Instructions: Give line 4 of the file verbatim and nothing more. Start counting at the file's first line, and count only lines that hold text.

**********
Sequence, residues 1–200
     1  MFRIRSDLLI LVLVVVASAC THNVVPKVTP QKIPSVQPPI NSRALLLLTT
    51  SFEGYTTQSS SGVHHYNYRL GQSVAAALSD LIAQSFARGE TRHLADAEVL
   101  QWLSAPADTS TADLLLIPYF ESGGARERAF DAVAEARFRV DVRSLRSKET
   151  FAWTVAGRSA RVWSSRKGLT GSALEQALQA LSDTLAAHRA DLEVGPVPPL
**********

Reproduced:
   101  QWLSAPADTS TADLLLIPYF ESGGARERAF DAVAEARFRV DVRSLRSKET